Did you know: The Streatham Park Cemetery, situated in this ward, is the final resting place of many famous names from the world of show business, including music hall star Ida Lupino; comedy actor Will Hay and; Jamaican reggae star Desmond Dekker.
Did you know: During the Middle Ages, Lower Morden was part of the estates belonging to Westminster Abbey but passed into Crown ownership during the 1530s. During the 17th century, Lower Morden was the property of the Garth family, Lords of the Manor of Morden from 1554 to 1870. The local school (Hatfeild) takes its name from the last squire of Morden, Gilliat Edward Hatfeild, fondly remembered for the children’s parties he staged at Morden Hall during the 1930s.
Did you know: The City of London Real Property Company, founded by John Innes, created the Merton Park estate during the late nineteenth century. Merton Park is also noted for its distinctive holly hedges. Holly features on the Innes family coat of arms.
Did you know: During Victorian times, much of this area was used for dairy farming. The largest local farm was New Barns, or Galpin’s Farm, which stood opposite the junction of Commonside East and Watneys Road. The latter was named after the Watney family, Wandsworth distillers, who owned the farm for more than a hundred years.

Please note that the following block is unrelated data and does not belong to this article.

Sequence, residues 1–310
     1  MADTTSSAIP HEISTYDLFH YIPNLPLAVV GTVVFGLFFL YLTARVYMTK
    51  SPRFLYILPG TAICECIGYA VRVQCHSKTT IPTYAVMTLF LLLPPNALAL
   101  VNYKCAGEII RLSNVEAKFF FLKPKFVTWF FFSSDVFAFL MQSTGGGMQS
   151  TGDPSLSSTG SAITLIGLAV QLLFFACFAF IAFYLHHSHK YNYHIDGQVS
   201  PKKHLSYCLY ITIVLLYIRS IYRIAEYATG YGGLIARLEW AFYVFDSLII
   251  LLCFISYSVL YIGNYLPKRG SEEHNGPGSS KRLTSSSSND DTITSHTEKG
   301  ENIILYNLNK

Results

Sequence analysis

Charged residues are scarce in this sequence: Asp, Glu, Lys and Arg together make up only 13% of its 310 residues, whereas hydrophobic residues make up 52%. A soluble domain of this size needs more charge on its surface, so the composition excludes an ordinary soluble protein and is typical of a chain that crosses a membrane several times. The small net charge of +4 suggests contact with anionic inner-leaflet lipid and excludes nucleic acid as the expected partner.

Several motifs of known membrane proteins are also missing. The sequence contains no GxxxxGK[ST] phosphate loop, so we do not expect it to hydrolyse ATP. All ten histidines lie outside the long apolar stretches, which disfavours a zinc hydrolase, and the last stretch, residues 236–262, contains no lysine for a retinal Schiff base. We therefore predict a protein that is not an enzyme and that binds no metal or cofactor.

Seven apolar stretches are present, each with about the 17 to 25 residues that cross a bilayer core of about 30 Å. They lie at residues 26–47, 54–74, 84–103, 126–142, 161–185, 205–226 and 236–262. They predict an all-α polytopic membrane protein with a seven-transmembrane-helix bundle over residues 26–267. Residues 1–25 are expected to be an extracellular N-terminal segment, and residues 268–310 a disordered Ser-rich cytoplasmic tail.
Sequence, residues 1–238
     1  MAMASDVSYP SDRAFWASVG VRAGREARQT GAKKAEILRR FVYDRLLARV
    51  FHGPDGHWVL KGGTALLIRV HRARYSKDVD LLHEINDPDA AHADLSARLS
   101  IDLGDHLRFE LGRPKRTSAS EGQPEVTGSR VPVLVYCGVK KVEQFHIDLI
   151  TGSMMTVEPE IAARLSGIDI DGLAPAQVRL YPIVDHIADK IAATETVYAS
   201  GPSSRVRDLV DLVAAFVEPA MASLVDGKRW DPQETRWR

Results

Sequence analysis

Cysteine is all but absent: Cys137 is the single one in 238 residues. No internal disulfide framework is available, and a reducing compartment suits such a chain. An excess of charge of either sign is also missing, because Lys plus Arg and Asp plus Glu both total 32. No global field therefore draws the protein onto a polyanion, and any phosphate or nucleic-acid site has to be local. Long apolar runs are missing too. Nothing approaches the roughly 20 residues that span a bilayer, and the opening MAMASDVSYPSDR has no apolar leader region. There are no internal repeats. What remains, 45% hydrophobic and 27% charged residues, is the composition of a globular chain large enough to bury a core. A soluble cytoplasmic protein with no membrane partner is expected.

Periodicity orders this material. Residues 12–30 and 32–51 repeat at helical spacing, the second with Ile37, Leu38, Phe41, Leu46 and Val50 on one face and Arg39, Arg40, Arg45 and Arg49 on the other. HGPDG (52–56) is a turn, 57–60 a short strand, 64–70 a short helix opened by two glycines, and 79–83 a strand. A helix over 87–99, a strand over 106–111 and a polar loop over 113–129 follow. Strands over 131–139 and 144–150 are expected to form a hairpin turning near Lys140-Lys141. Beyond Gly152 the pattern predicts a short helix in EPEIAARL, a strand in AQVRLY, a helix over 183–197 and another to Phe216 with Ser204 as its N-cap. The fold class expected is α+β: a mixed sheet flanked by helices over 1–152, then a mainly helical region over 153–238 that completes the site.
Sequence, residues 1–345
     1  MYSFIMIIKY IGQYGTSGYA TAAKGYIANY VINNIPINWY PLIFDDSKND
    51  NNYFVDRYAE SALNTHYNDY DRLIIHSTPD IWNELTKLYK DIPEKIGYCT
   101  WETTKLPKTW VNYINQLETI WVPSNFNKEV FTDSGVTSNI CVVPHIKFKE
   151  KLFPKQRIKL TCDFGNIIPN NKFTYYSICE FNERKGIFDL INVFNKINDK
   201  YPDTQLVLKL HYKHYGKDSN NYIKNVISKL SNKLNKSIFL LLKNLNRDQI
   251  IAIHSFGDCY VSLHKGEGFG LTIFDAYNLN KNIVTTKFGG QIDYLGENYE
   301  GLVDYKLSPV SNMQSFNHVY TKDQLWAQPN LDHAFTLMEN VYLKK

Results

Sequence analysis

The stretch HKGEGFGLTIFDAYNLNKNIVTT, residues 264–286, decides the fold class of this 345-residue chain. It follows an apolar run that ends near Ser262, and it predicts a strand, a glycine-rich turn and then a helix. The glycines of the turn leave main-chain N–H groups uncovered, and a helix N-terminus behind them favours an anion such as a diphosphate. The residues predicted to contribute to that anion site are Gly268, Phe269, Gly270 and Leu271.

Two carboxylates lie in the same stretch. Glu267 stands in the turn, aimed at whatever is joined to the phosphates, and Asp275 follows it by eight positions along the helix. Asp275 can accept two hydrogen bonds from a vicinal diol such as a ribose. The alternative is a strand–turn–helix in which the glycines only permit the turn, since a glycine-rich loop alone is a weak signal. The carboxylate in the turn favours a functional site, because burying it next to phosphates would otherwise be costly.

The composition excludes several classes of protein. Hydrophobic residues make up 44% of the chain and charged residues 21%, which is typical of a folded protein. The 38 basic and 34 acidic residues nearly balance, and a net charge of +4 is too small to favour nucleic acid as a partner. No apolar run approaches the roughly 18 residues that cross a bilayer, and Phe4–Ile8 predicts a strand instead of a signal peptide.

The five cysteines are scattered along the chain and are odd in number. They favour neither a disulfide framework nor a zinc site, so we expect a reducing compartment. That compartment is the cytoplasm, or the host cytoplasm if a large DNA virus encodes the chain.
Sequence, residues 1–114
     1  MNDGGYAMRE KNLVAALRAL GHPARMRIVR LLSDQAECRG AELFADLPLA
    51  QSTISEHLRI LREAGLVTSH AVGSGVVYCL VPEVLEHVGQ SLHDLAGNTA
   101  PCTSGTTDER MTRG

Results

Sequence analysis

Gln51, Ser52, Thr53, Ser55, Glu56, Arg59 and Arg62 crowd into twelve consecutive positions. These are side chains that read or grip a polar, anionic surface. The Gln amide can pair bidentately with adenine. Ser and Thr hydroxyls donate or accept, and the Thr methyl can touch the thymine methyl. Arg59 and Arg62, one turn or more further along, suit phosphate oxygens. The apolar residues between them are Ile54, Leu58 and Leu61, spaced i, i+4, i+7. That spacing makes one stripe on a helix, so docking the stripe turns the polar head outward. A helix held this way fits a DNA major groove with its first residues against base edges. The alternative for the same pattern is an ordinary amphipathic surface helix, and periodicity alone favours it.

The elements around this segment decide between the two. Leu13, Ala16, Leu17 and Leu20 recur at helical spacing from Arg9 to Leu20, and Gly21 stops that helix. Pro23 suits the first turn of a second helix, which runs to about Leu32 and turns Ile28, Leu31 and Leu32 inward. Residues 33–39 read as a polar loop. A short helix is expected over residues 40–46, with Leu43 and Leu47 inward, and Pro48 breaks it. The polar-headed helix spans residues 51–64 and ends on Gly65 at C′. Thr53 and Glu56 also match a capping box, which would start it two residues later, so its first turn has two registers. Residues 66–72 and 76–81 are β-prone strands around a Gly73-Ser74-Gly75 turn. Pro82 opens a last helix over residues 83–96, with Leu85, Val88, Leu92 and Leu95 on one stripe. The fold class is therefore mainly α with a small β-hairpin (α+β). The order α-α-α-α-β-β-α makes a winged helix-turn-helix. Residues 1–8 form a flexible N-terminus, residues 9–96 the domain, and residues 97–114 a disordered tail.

Did you know: On the edge of this ward, on either side of Morden Road, archaeologists discovered a large Anglo-Saxon burial ground. This held a number of warrior burials with grave goods including swords, spears, jewellery and glassware. Many of these items are now displayed at the Museum of London.
Did you know: Raynes Park actually takes its name from the local station, built in 1871 on land sold by Richard Garth, Lord of the Manor of Morden. Much of his local property had originally belonged to the Rayne family, wealthy farmers who lived in the West Barnes area.
Did you know: The St Helier estate was built between 1928 and 1936. In recognition of Merton’s religious heritage, many of the roads on the estate were named after abbeys and monasteries in England and Wales, such as Canterbury Road, Ely Road and Buckfast Road.
Did you know: Trinity ward is home to the world's first purpose-built children's theatre, the Polka Theatre. Opened in 1979 by Her Majesty, Queen Elizabeth, the Queen Mother, the theatre offers a varied programme of drama written for, and often performed by, children.
Did you know: In addition to agricultural and sporting use, Wimbledon Common has been the site of an Iron Age hill fort; a major military review for King George III; annual shooting competitions staged by the National Rifle Association; suffragette campaign meetings and; as a training camp for recruits to General Kitchener’s army.
Did you know: From 1919, Burlington Road held the premises of security printers Bradbury & Wilkinson. The firm produced stamps, bonds, chequebooks and currency for countries throughout the world.
Did you know: Wimbledon Park was formerly part of the vast estate owned by Earl Spencer. The lake, now used by the Sailing Centre, was originally an ornamental garden feature designed for the Earl by the famous landscape gardener, Capability Brown.
The ward profiles are also available as a slide show (1.6MB).
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This page was last updated on Wednesday 2 September 2015